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The forgotten Welshman battling to make Warren Gatland's RWC plans

By Simon Thomas
Lyons Beka Saghinadze attempts to bring down Dragons Taine Basham during the EPCR Challenge Cup Group B match at Rodney Parade, Newport. Picture date: Saturday December 17, 2021. (Photo by David Davies/PA Images via Getty Images)

Taine Basham is the first to admit his outlook on life has changed completely since becoming a dad. His partner, Giovanna, gave birth to a baby boy in December, with little Tomas now four months old.

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It’s put everything in a new perspective for the Dragons back row forward, including the ups and downs of the past couple of years on the rugby front.

He was Wales’ stand-out performer during the Autumn Internationals in 2021 and carried that form into the start of the 2022 Six Nations.

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But then the last 12 months has brought him just the one outing off the bench at Test level, amid an untimely elbow dislocation.

Now though he is fit and firing again and looking forward to Saturday’s BKT United Rugby Championship derby away to the Ospreys as he aims to force his way back into the Wales reckoning ahead of the World Cup.

While rugby ambition continues to drive him on, there’s a different balance to his life now as he comes to terms with fatherhood.

“It’s a whirlwind at the start. You go from having the two of you to coming home from the hospital with the three of you,” he says.

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“I was going through my rehab from injury as well, so that was an interesting time, but I’ve kind of adapted to family life now and to less sleep!

“We have an agreement, me and my partner. On training days, I won’t get up as much in the night as she will. Then when I have time off, I am a bit more hands on.

“Giovanna has been good as gold. She has been the best mother to Tomas, so I am lucky there.”

The 23-year-old Basham continues: “Your outlook on life and your outlook on rugby as well completely changes.

Taine Basham
Taine Basham /PA
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“When you are in your early 20s and playing for Wales, you really focus on yourself and your preparation. It’s all about you. When you’ve got a baby, you are focusing on how you are providing for your family.

“I am a young man and I’ve got to provide for my partner and my baby boy. So it’s a completely different outlook on life and the game really. It’s completely changed.”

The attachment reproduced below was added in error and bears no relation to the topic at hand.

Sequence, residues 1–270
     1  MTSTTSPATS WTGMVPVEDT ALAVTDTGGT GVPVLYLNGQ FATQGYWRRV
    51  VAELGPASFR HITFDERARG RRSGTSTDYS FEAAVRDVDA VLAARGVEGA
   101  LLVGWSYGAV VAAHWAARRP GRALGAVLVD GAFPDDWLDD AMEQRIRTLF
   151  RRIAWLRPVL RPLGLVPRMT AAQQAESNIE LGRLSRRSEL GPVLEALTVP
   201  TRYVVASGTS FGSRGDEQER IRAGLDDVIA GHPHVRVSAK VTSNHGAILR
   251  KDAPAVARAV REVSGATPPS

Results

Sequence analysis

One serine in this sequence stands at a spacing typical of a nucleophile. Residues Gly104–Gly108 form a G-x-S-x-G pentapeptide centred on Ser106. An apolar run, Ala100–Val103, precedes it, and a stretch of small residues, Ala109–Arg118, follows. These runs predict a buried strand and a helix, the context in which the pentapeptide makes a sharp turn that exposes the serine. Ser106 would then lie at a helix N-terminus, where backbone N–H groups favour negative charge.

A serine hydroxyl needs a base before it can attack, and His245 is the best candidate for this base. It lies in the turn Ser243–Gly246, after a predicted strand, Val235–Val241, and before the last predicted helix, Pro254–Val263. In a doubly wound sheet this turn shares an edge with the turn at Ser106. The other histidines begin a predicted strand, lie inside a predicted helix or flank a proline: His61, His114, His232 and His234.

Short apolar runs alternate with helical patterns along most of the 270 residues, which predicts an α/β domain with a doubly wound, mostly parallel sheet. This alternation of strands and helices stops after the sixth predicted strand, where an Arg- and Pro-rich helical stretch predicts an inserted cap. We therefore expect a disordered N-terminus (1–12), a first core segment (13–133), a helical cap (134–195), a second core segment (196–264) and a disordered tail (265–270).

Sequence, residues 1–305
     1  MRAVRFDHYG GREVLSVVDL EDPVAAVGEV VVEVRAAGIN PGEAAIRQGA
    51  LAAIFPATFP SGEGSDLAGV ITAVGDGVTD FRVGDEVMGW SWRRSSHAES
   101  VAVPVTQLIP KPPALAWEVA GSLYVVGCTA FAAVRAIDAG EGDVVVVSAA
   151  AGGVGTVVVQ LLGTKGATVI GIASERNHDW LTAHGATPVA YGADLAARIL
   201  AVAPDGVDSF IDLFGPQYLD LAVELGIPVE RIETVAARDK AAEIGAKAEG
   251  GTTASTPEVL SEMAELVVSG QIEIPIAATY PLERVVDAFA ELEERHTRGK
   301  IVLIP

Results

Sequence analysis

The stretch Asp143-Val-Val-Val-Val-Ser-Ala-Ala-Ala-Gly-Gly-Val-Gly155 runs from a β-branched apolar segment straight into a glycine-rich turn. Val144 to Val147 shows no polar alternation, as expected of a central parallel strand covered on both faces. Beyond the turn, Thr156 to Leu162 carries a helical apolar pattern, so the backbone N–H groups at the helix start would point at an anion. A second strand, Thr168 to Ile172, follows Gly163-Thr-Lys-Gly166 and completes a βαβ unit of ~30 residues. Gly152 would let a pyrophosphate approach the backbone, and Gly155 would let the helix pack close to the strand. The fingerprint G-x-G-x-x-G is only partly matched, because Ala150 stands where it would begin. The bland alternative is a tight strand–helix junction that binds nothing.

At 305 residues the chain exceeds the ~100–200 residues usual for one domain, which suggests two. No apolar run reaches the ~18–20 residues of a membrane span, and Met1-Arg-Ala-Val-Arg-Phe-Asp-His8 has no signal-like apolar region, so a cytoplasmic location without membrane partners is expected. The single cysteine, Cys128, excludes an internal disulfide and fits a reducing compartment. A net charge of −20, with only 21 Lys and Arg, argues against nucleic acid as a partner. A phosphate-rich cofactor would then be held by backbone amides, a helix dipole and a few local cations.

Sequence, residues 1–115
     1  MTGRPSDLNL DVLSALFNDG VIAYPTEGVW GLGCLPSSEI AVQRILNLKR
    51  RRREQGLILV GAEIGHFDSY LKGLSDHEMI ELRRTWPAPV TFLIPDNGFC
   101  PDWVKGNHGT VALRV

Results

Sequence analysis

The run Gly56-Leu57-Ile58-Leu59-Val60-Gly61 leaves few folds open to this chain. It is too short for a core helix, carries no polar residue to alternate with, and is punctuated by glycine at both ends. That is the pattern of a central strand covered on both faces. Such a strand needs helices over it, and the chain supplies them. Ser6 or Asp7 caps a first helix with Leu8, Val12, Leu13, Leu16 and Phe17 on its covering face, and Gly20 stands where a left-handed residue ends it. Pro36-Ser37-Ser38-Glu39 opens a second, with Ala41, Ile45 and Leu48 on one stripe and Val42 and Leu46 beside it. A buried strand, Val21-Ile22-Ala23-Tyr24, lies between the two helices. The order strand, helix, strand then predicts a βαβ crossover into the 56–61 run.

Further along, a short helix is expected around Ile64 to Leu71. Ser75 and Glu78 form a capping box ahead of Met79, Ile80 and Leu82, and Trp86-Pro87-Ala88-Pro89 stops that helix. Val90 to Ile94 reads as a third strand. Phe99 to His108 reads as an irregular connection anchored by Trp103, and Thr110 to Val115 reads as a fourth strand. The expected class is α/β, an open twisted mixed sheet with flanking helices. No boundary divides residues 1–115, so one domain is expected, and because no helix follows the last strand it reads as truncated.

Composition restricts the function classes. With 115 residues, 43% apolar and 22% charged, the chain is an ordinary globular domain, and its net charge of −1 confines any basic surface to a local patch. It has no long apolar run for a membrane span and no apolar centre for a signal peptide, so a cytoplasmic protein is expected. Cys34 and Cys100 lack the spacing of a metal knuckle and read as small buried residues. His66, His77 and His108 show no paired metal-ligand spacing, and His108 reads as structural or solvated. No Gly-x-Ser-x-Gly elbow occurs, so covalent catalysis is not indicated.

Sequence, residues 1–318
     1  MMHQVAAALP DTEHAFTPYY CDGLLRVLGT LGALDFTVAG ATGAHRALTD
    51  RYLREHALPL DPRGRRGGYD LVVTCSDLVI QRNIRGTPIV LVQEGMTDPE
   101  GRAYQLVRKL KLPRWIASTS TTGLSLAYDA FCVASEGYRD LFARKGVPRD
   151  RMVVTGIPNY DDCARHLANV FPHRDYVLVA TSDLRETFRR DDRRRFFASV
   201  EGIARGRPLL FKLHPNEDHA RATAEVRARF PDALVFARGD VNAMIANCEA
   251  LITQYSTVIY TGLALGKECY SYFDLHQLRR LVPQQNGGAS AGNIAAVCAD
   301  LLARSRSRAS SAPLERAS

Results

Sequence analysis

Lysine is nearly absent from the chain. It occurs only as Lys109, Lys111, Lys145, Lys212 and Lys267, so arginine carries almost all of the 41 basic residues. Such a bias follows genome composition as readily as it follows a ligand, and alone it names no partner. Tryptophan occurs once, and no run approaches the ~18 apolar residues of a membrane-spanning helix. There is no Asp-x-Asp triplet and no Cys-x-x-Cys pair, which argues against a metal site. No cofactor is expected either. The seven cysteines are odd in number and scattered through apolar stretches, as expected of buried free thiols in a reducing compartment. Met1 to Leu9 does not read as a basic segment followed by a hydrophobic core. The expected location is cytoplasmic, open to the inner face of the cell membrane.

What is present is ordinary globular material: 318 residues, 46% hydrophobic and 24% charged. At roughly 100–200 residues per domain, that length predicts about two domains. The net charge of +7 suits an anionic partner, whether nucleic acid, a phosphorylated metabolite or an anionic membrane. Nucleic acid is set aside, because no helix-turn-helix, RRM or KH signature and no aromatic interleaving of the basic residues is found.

Talywain-product Basham, who is now based in Cwmbran, is able to take a freshly philosophical approach to the fluctuating fortunes of life as a rugby player.

Those were well illustrated on last summer’s tour of South Africa with Wales, where he was a spectator during the historic victory over the Springboks in Bloemfontein, with his involvement limited to an outing as a replacement in the final Test defeat.

“It was very bitter sweet,” he admits. “I only really saw 20 minutes of game-time and I only had that due to Taulupe Faletau getting injured in the warm-up.

“We trained hard together and you are happy seeing your mates do well, but not being involved was a bit bitter sweet, like I say.”

Then came the further disappointment of suffering an elbow injury against Cardiff at the Arms Park in mid-October, ruling him out of the autumn internationals.

“I felt I was in a good run of form at the time,” he said. “I was in a good rhythm, I felt good physically and I was playing well.

“So it was disappointing then to get that injury. It kind of stopped me in my tracks.”

Basham returned to action with the Dragons in January, but missed out on the Six Nations squad amid intense competition for back row spots.

Now he’s aiming to send out a reminder to Warren Gatland by ending the season with a bang, starting with Saturday’s clash with the Ospreys at the Swansea.com Stadium.

Taine Basham
Taine Basham tackles Ollie Fox during an Under-19 Wales versus England match at Paarl Gymnasium in South Africa (Photo by Ashley Vlotman/Gallo Images/Getty Images)

“Hopefully I can get back to my top form that I was in before and put my hand up to get into the World Cup squad,” he said.

“It all depends what Warren Gatland thinks is his best back row in his eyes. I have just got to put my head down, get back physically and get my hands on the ball.”

He has started in all three back row positions during his 11-cap Test career, offering a real versatility.

“No 7 is probably where I see myself. Obviously there is a lot of competition there, but that can only make you better,” he says. “The last few people who have played in the No 7 jersey for Wales have all got different qualities to offer.

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“I am happy to play anywhere in the back row just to get back in that shirt. I am happy with 6, 7 or 8 if I am on the pitch. In terms of my attributes, I don’t think it changes for me.

“I like to get my hands on the ball, get my team-mates on the front foot and then in defence make some good reads and be dominant in that area.”

As for this weekend’s BKT URC Welsh derby, he adds: “It’s a big game. We know what’s coming from the Ospreys. They have got a very good pack, a good kicking game and some dangerous backs as well.
“But we are going down there optimistic. We have been training hard together during the Six Nations and hopefully we will go and do the job.”

Credit: URC

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